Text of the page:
I always enjoy going through my files and finding pieces that have been created over a decade ago. “Fourteen” is a 16″ X 20″ pastel on construction paper sketch, and it was one of the key pieces I included in my entrance portfolio for art school.
I was really proud of how this piece turned out. For starters, it was one of the first pieces I had completed after about a four year break (I wasn’t able to take art until my senior year). I was excited that I finally was grasping the concept of creating a three dimensional feel from a two dimensional paper. I also was working on creating lead lines through composition and repetitive forms.
You will find your chlidhood, slightly modified and kept with artistic integrity. You will find wonderfully crafted sketches and doodles. You will be filled with squee’s of artistic glee.
I recently stumbled upon James Hance on Facebook via another friend, and I am SO GLAD I did! WOW — talk about modern art that is wonderfully on point, technically crisp, beautifully colored with tongue-in-cheek wit and hue.
His Wookie-the-Chew series is a delightful romp through pop culture… the pormonteau’d results of A. A. Milne and George Lucas’ love child. Images such as this tickle your funny bone and also allow you to give an inner “Dawwwwwww…” (And really, who couldn’t use more of that?)
Image Copyright James Hance:
I would challenge anyone to go to his archive linked above and NOT find something you remember.
Go forth, artistic adventurers! Find James. Find your own inner, relentlessly cheerful doodler artist, and start a sketch quest. May the force be with Chew.
How do you take the concept of abstract / subjective art and teach elementary students how to create it? You want them to draw something “recognizable,” but not really, and trying to get them to understand the concept of “Abstract” can be difficult.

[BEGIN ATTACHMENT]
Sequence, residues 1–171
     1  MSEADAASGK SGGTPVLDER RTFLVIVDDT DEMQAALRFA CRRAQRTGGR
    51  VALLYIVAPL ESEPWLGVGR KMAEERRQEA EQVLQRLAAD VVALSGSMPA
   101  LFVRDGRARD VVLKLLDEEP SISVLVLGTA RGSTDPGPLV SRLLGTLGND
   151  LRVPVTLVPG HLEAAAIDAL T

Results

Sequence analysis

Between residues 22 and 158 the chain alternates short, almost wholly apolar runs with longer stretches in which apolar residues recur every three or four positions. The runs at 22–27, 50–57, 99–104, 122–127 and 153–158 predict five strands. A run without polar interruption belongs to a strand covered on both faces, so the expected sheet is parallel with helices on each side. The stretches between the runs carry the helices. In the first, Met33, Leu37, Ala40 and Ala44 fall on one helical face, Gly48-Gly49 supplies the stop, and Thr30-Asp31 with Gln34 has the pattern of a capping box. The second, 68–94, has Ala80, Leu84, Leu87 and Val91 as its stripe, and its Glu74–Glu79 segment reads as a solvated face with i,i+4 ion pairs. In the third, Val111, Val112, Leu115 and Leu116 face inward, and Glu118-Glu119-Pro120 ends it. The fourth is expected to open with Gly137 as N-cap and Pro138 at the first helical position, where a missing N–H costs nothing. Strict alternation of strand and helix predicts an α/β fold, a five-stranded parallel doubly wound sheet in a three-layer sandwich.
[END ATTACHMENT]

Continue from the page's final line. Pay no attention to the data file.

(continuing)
Enter the “Picasso Dogs” project. This project is one of my absolute favorites to do with my “ArtRage-ous Ipad Art!” kids at the TCCA. I found the original instructions in this book, “Drawing Lab for Mixed Media Artists,” by Carla Sonheim. It’s a wonderful reference for drawing projects that are very convertable to digital media. (This book was one of the best purchases I’ve made as I’ve started my art education career.)
This project takes the concept of abstraction and makes it accessible for elementary to middle school aged students. (Although I do have a high school junior who’s been taking classes with me for 3 years now, and I’ve been able to adapt all the lower level projects to more challenging ones for her, so don’t let that stop you from being inspired!) It deconstructs the process of making abstract art into step-by-step instructions (ie, “Draw a small eye. Turn your paper. Draw an eye several times larger. Turn your paper,” etc.)
The results can vary WIDELY — here’s two examples of the Picasso Dogs lab I created with the classes in the fall semester of 2011.